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Alex Peres Mystery 4 - Murder Came Second.docx
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Chapter 17

Tuesday morning found Provincetown basking in the bright glow of Sonny’s reflected glory. Mom and Aunt Mae were on the phone early. Other friends were close behind. Cindy left for work saying, “I feel I should be wearing a big ‘I Love Sonny’ button.”

I smiled and laughed and agreed with everyone I spoke with. Finally, I let the phone answer itself and went into my office to mat some additional photos to take over to Tellman’s Gallery, near the lighthouse up in Truro. As I worked, my grin faded, and I became less certain how Terese would react to Sonny’s humorous, but sharply cutting, put-down.

Frankly, I was concerned about what she might do. I didn’t think Terese would be swayed by a phone call from Ted Kennedy suggesting veiled repercussions, any more than one from Billy Graham asking for a little Christian mercy. I had no idea of Terese’s background, but I was pretty sure she didn’t get where she was by crying herself to sleep and then giving in to anyone. I had the feeling this next article in the A-List might be smoking.

I would be willing to bet that by noon today, Terese would know all about Sonny’s two divorces, his two kids, his gay sister, his father’s bizarre death and his mother’s . . . well . . . dating Noel. Her nasty little shovel might even dig up the fact that sweet Aunt Mae once went out with a man who later became a killer. And I would bet it would all be in the next edition of the A-List.

Furthermore, if she and her research people could gather any factual evidence about Elaine and Bobby’s background, that would make the cover headline. Not to mention, the six o’clock network news with a nice exclusive for Terese on a show like Jerry Springer or Geraldo. Elaine and Bobby would then both have good reason to go off the deep end, but dear Terese would have been telling only the truth, which, of course, would make it all perfectly okay.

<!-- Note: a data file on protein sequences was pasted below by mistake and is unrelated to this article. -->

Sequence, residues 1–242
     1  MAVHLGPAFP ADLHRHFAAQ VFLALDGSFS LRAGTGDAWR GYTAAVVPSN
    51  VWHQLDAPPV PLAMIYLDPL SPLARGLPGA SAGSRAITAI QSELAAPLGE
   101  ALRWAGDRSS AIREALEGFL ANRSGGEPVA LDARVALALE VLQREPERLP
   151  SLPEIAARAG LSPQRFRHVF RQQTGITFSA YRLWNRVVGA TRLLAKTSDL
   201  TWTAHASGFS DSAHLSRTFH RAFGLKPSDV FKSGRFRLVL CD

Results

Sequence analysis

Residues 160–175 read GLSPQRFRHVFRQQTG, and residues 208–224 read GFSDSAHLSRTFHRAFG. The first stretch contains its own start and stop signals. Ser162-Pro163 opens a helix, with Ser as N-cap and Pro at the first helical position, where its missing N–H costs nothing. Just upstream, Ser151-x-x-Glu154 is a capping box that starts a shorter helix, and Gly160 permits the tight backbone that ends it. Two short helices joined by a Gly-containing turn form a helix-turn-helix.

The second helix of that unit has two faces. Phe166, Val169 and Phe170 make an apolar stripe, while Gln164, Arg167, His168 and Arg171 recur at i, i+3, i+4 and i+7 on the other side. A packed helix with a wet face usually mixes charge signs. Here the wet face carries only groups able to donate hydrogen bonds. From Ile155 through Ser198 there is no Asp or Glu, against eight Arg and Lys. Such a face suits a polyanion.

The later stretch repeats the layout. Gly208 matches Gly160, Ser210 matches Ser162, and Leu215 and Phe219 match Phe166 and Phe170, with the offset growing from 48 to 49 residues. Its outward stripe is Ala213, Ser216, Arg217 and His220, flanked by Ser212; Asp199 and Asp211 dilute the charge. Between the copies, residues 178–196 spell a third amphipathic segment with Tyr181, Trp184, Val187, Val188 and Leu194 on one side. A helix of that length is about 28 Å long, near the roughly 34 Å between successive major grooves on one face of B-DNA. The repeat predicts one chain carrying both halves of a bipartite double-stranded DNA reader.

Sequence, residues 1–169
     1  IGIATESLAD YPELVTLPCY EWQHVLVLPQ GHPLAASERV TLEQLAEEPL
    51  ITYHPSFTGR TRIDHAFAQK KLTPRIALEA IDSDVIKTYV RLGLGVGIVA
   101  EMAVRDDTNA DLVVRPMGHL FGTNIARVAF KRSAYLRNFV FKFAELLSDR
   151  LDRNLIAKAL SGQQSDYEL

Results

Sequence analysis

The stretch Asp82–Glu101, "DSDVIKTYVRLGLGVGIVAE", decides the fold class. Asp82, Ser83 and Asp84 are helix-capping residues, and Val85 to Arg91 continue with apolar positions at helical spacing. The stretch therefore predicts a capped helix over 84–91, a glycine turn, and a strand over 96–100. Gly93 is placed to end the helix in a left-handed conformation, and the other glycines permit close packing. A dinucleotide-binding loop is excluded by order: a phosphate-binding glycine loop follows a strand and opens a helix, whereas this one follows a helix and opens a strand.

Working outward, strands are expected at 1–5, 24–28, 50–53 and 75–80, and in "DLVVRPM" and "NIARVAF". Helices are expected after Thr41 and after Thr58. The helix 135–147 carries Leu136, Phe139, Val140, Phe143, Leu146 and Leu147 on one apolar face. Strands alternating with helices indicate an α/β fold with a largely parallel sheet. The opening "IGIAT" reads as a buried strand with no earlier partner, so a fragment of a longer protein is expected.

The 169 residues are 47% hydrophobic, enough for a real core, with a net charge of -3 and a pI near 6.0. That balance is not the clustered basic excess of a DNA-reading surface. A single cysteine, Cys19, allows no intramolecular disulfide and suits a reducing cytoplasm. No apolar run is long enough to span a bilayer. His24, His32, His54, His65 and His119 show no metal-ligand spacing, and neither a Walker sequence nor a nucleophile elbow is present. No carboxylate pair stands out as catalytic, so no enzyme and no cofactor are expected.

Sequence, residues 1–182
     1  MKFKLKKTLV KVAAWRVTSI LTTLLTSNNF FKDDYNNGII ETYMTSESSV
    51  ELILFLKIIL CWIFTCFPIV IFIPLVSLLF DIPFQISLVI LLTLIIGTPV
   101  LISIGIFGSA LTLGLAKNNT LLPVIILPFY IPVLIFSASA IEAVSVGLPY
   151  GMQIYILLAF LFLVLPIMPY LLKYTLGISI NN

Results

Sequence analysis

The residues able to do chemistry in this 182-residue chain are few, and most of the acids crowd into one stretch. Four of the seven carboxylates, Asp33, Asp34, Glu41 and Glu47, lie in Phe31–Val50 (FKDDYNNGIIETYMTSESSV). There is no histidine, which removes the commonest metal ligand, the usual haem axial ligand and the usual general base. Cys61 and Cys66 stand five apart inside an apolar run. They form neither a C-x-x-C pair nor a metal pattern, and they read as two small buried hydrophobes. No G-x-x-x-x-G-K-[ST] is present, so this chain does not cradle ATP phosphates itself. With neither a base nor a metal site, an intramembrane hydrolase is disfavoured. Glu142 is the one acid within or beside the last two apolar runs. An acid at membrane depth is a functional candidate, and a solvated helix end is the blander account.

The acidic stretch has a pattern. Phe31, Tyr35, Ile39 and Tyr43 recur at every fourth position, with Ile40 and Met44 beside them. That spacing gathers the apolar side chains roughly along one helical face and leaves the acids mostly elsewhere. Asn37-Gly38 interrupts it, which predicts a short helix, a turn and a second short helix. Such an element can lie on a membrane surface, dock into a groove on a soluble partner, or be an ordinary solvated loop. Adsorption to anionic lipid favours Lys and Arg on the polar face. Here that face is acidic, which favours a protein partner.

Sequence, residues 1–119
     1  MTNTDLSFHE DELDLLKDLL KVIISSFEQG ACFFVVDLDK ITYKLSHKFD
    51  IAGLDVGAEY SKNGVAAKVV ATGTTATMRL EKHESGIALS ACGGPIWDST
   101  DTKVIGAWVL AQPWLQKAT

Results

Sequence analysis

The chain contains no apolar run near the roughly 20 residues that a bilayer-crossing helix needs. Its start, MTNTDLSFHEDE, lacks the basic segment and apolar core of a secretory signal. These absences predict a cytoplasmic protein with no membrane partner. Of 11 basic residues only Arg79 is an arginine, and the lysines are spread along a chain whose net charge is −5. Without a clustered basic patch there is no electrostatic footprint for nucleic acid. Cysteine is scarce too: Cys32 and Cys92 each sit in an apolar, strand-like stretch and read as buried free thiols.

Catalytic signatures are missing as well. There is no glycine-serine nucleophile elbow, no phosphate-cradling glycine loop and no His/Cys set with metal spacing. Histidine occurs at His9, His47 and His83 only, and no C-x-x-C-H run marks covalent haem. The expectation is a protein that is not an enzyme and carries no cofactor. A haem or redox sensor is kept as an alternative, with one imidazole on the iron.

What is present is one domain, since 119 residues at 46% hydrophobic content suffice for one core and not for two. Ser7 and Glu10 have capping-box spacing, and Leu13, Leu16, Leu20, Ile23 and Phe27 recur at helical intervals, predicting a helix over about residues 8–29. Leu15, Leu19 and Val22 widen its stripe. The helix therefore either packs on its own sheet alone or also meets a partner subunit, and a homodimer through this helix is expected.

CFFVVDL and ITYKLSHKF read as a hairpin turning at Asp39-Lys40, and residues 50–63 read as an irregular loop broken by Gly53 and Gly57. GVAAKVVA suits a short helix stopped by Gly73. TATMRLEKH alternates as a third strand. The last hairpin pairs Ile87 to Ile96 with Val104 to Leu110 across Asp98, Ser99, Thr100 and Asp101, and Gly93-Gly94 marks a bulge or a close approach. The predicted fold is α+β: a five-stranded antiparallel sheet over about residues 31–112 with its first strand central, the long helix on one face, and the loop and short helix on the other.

I wondered what Elaine thought Hamlet might do if the whole sordid story came out. All the sympathy that would go out to him for his childhood experience would be negated by the lies he had fabricated as an adult. Did she think he would get violent? Collapse? Go off and nurse his depression? I rather opted for the last. Hamlet might yell and scream and stamp his foot, but I didn’t foresee much more.

Finally, the photos were done. I showered and dressed, and Fargo and I took off. He looked disappointed when we didn’t turn for Race Point, but I explained, “We are going to break the law, angel dog, and so we must be very careful. After we drop some photos off at Tellman’s we are going to sneak into The Beeches the back way and have a little run.” He grinned and let his tongue hang out just a little.

When we reached Tellman’s I tied him to a statue of Eros in the front yard. As I went through the door, I called back. “Don’t bite’em off.”

He gave me a dirty look as if to say, “Why not? Somebody bit mine off!” I laughed and went in, to be deluged with more talk of actors and reporters and Sonny and how handsome he looked on TV. Maybe Cindy was right. A new career might await him.